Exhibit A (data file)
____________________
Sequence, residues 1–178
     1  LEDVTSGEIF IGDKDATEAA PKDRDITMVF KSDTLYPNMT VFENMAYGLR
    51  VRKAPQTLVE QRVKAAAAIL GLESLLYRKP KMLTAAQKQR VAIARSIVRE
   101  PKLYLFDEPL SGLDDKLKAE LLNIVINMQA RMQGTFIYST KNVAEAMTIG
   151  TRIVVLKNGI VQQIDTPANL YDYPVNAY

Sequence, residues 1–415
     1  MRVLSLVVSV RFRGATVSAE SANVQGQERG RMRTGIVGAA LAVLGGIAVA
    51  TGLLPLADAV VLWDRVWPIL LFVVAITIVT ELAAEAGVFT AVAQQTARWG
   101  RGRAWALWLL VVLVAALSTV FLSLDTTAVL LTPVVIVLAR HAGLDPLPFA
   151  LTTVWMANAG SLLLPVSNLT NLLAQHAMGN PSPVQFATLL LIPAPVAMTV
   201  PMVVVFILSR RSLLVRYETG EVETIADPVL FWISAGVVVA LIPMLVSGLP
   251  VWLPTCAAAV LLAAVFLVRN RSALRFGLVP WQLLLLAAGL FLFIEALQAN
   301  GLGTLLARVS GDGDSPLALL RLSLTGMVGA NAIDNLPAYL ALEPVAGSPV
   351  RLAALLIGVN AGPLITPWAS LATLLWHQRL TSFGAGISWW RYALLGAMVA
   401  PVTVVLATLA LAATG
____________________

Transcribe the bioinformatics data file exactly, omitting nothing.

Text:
Sequence, residues 1–178
     1  LEDVTSGEIF IGDKDATEAA PKDRDITMVF KSDTLYPNMT VFENMAYGLR
    51  VRKAPQTLVE QRVKAAAAIL GLESLLYRKP KMLTAAQKQR VAIARSIVRE
   101  PKLYLFDEPL SGLDDKLKAE LLNIVINMQA RMQGTFIYST KNVAEAMTIG
   151  TRIVVLKNGI VQQIDTPANL YDYPVNAY

Sequence, residues 1–415
     1  MRVLSLVVSV RFRGATVSAE SANVQGQERG RMRTGIVGAA LAVLGGIAVA
    51  TGLLPLADAV VLWDRVWPIL LFVVAITIVT ELAAEAGVFT AVAQQTARWG
   101  RGRAWALWLL VVLVAALSTV FLSLDTTAVL LTPVVIVLAR HAGLDPLPFA
   151  LTTVWMANAG SLLLPVSNLT NLLAQHAMGN PSPVQFATLL LIPAPVAMTV
   201  PMVVVFILSR RSLLVRYETG EVETIADPVL FWISAGVVVA LIPMLVSGLP
   251  VWLPTCAAAV LLAAVFLVRN RSALRFGLVP WQLLLLAAGL FLFIEALQAN
   301  GLGTLLARVS GDGDSPLALL RLSLTGMVGA NAIDNLPAYL ALEPVAGSPV
   351  RLAALLIGVN AGPLITPWAS LATLLWHQRL TSFGAGISWW RYALLGAMVA
   401  PVTVVLATLA LAATG